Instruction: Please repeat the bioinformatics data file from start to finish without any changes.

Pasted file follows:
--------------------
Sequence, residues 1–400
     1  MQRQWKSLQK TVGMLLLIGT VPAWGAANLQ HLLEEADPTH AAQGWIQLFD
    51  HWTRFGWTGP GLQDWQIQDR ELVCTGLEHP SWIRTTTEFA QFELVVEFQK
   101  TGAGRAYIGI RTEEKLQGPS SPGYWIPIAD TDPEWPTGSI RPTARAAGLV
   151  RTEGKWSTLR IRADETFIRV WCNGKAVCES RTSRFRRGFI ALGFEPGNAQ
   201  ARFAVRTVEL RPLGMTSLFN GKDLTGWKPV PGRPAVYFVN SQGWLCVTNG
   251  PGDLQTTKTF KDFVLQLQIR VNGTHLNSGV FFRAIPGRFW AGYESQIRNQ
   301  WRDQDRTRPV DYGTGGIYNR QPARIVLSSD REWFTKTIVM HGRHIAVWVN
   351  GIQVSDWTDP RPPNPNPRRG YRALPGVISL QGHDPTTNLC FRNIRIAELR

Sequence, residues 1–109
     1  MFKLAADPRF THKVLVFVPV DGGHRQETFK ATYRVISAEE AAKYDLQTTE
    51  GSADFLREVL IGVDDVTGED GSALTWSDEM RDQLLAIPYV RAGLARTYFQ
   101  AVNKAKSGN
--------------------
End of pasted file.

Sequence, residues 1–400
     1  MQRQWKSLQK TVGMLLLIGT VPAWGAANLQ HLLEEADPTH AAQGWIQLFD
    51  HWTRFGWTGP GLQDWQIQDR ELVCTGLEHP SWIRTTTEFA QFELVVEFQK
   101  TGAGRAYIGI RTEEKLQGPS SPGYWIPIAD TDPEWPTGSI RPTARAAGLV
   151  RTEGKWSTLR IRADETFIRV WCNGKAVCES RTSRFRRGFI ALGFEPGNAQ
   201  ARFAVRTVEL RPLGMTSLFN GKDLTGWKPV PGRPAVYFVN SQGWLCVTNG
   251  PGDLQTTKTF KDFVLQLQIR VNGTHLNSGV FFRAIPGRFW AGYESQIRNQ
   301  WRDQDRTRPV DYGTGGIYNR QPARIVLSSD REWFTKTIVM HGRHIAVWVN
   351  GIQVSDWTDP RPPNPNPRRG YRALPGVISL QGHDPTTNLC FRNIRIAELR

Sequence, residues 1–109
     1  MFKLAADPRF THKVLVFVPV DGGHRQETFK ATYRVISAEE AAKYDLQTTE
    51  GSADFLREVL IGVDDVTGED GSALTWSDEM RDQLLAIPYV RAGLARTYFQ
   101  AVNKAKSGN